The importance of Powers that I so baldly asserted earlier issues from the variety, interpretive power, and contemporaneity of these perspectives, which are usually scientific. Game theory, chaos theory, cognitive connectionism, oncology, relativity physics, and evolutionary psychology are some of the disciplines Powers employs to understand — and expand — what it means to be human. In The Echo Maker, he establishes deep analogies between neurology and ecology. Put simply, Powers knows more than other novelists of his generation and knows how to use his prodigious expertise to place substantial, thoughtful characters in “the intricate, ingenious forms” (to quote Peter) that Powers’s best fictions create to imitate the information they contain. In Generosity a character runs through a list of words deriving from the old Latin gens: gene, genius, ingenuity, and generosity are the ones most applicable to Powers and his World.

In Orfeo it’s bacteria that Powers knows as both a basis of human life and, in certain drug-resistant mutations, a danger to human lives. For this book, Powers seems to have been reading Jared Diamond’s Guns, Germs, and Steel. Powers gives Peter and readers just enough information to establish the threat of bioterrorism and to spring the plot, but bacteria function more as a metaphor than a full-fledged intellectual perspective of the kind I’ve mentioned. Listening to his car radio, Peter finds the coarsening of discourse and music an all-over, all-the-time phenomenon like bacteria. Equally pervasive, invisible, and invasive is the government’s ability to trace a citizen’s interests and movements through surveillance of his entries into the electronic web. But the primary target of Powers’s bacteriological metaphor is the omnipresent “growth industry” in fear that an American media environment of constant threat nourishes like food left too long out of the refrigerator. Powers uses the phrase “Age of Bacteria,” but Age of Panic might have been truer to the contemporary reportage he incorporates into Orfeo. In mythic terms, the cultural critique in the novel pits Orpheus, the master of calming music, versus Pan, the god of mass fear.

For all of Powers’s knowledge of and respect for up-to-the-minute sciences, he ultimately suspects their tendency to philosophical reductionism and to harmful technological application. One of Peter’s first compositions used the closing sections of Whitman’s “Song of Myself.” Late in the novel, Powers has Peter return to those lines and identify with Whitman, an artist who welcomed the influence of sciences but finally celebrated the open road and open — but still inviolate — self. Whitman also nicely contributes to the panic and bacterial themes of Orfeo, for one of the fearless poet’s last lines, which Powers quotes twice, is: “If you want me again, look for me under your boot soles.”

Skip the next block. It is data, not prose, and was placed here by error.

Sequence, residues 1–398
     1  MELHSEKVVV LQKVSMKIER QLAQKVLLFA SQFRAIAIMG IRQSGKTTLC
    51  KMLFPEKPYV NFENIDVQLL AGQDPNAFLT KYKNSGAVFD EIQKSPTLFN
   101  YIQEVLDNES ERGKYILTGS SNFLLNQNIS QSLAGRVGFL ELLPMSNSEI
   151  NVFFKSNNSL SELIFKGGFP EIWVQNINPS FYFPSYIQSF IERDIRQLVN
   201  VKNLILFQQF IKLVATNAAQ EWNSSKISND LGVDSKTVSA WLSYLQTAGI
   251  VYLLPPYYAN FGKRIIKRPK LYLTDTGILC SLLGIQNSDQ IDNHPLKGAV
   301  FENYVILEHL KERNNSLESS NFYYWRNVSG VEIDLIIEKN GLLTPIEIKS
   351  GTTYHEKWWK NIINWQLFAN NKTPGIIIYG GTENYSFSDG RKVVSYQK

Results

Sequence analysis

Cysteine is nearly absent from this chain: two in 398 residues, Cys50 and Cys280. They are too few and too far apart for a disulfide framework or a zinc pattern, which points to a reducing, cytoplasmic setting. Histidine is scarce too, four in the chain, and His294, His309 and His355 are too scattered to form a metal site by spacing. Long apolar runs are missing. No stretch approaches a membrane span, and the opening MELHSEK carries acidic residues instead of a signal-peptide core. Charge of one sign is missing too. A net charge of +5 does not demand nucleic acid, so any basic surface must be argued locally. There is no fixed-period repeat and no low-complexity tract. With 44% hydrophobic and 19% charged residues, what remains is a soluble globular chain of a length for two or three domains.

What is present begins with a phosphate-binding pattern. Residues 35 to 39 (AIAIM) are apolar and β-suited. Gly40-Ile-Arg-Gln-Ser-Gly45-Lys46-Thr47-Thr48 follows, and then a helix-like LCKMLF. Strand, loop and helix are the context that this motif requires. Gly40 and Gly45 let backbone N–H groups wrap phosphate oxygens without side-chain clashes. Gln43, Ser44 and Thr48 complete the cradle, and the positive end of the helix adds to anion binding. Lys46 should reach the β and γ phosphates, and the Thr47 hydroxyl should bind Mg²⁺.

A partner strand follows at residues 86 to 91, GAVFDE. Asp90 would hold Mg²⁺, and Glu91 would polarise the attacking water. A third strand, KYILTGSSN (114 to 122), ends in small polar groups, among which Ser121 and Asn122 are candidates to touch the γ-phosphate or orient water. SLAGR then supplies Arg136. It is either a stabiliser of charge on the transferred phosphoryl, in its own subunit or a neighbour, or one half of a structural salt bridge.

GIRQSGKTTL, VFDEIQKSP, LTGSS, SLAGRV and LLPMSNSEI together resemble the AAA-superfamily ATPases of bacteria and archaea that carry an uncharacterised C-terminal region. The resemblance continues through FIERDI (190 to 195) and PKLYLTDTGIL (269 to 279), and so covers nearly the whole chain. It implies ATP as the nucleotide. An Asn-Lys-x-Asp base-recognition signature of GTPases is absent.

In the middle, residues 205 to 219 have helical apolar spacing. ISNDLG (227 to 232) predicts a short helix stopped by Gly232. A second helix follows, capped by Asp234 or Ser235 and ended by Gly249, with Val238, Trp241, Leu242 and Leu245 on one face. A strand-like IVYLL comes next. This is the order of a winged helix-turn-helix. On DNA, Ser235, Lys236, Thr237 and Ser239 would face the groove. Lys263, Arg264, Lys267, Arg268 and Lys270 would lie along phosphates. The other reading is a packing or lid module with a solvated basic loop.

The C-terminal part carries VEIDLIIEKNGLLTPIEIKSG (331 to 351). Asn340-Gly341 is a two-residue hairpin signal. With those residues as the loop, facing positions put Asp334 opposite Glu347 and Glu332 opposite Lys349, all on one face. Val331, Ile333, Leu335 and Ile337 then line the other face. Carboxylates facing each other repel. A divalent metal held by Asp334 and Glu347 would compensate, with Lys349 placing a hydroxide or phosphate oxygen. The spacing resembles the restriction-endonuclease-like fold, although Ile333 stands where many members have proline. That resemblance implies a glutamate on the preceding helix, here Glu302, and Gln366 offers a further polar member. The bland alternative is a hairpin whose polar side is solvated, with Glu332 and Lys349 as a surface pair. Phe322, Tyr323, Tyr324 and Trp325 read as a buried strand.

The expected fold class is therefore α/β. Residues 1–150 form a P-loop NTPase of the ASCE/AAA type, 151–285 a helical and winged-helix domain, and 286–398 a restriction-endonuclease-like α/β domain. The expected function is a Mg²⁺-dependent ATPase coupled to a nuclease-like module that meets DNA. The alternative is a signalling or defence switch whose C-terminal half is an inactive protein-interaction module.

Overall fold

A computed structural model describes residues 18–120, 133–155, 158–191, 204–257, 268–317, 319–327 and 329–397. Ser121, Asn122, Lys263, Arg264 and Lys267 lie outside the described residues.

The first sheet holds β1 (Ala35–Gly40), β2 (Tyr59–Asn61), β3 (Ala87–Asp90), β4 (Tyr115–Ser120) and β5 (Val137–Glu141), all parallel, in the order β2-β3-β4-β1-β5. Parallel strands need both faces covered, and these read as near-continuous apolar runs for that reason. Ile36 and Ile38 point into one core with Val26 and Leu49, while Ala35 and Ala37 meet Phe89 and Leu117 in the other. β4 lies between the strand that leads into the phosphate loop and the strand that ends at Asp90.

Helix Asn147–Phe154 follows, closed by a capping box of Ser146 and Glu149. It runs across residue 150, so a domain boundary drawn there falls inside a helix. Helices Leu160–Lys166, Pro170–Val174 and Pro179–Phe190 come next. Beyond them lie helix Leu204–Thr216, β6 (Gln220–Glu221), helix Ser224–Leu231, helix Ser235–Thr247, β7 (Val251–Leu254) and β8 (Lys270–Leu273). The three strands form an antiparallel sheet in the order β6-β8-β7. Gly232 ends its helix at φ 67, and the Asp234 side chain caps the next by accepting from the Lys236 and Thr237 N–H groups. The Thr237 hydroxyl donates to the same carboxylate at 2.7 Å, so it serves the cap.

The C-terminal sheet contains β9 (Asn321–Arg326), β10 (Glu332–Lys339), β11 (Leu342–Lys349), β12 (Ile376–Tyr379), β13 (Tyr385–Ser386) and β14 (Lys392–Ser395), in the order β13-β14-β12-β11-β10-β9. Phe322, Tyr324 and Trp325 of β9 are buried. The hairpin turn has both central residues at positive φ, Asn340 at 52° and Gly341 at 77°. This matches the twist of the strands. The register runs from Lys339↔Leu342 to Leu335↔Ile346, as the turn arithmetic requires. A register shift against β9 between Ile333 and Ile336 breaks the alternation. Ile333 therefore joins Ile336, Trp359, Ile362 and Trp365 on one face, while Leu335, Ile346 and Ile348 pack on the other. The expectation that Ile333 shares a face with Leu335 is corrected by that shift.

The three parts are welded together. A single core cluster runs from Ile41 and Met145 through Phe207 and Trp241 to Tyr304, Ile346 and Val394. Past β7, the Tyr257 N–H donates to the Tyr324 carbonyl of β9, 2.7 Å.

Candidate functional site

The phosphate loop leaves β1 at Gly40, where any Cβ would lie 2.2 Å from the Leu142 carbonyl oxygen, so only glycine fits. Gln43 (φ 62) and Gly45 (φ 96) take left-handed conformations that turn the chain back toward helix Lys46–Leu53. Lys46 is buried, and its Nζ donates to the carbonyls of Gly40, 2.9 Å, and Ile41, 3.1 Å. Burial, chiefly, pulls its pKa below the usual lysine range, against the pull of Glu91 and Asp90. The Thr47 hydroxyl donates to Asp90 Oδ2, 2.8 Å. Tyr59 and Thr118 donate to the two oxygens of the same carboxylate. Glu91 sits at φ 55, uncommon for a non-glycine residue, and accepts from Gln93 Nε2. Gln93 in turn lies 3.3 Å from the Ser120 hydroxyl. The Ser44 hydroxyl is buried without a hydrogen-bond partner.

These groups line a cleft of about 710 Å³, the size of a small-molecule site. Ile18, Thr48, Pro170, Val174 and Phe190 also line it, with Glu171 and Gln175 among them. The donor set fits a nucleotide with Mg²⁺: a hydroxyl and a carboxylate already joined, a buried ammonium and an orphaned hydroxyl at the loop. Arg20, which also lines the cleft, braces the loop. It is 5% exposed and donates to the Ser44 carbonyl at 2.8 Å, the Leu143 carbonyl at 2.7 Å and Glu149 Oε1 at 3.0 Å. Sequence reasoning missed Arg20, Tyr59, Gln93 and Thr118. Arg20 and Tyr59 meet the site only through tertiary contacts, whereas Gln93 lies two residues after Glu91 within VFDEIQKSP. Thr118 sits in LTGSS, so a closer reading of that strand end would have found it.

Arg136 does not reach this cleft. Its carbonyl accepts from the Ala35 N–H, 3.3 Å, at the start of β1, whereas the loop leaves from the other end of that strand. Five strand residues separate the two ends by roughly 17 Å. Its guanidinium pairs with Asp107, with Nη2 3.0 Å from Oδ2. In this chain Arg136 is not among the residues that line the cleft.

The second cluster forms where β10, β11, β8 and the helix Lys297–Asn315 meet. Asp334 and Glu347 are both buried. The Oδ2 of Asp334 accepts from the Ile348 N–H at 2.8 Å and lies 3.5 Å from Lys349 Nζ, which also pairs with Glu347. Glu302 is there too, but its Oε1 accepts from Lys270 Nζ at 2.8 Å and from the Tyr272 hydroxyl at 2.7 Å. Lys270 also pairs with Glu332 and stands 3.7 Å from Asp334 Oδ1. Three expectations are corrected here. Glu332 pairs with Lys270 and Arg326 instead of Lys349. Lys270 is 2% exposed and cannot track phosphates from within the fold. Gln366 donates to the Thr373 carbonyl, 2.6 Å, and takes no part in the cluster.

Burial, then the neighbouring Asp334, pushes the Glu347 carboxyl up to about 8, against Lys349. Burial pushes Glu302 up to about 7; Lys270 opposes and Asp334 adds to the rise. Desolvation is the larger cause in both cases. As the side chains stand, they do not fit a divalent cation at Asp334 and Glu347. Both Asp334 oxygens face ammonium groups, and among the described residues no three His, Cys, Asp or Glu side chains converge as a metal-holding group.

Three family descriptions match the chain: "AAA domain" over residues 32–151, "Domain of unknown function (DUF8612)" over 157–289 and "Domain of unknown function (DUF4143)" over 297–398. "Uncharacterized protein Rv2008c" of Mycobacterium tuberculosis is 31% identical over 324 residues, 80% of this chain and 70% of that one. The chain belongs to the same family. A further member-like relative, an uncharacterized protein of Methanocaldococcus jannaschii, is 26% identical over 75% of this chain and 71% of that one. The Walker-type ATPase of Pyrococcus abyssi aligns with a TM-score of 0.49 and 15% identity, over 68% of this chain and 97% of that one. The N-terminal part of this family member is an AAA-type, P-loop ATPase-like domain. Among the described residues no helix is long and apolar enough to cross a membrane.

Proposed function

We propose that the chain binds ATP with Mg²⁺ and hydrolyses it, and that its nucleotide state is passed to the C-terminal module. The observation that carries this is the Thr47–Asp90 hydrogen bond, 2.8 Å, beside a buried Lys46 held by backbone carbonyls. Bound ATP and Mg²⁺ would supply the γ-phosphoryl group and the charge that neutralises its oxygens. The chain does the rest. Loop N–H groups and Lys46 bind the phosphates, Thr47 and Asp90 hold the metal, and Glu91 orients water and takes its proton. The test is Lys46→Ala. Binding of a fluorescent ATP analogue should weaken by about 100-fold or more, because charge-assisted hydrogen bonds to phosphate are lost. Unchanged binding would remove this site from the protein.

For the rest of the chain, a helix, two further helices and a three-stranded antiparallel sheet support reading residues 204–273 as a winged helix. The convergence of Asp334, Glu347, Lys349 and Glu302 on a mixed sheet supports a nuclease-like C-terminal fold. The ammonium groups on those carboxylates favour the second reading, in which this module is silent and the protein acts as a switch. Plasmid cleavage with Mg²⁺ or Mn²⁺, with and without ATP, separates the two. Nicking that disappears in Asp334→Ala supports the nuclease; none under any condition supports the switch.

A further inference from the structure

From Powers, a novel entitled Orfeo is no surprise. In Galatea 2.2, a character points out that “Orphic Rewards” is an anagram of the author’s name, and Powers mentions numerous operas about Orpheus in The Time of Our Singing, his novel about African-American musicians. Think of Orpheus as an example of repetition and variation: he wanted to save Eurydice from the underworld and repeat their earthly love but failed because he looked back. Like Orpheus, many protagonists in Powers World are frustrated saviors in contemporary hells. The doctor and nurse in the inner-city hospital of Operation Wandering Soul try to save the lives of very sick children; the protagonists of Generosity attempt to prevent an unnaturally happy woman from exploitation by Faustian genetic engineers.

Peter is also a would-be savior, a foiler of death. He describes a youthful composition in both Orphic and Powers terms: “He borrowed from voices dead for centuries and made them chatter posthumously. And he repeated, recombined, and looped everything until the whole was wide enough to stretch from dawn to dusk.” Discouraged by the tepid reception of his early music, Peter writes a song his daughter and wife love and thinks, “A dozen such tunes over the course of a career, and he might even have saved lives.” In the novel’s present, Peter wants to somehow encode beautiful music in bacteria to save it and, more unlikely, save listeners from the barbaric noise constantly in their ears. In keeping with the principle of recombination, Peter’s bacterium of choice — “Serratia marcescens. It looked like blood seeping out of old food” –  was discovered by Pythagoras long ago. The red bacterium is also something of a red herring in the plot, which I won’t spoil like the food.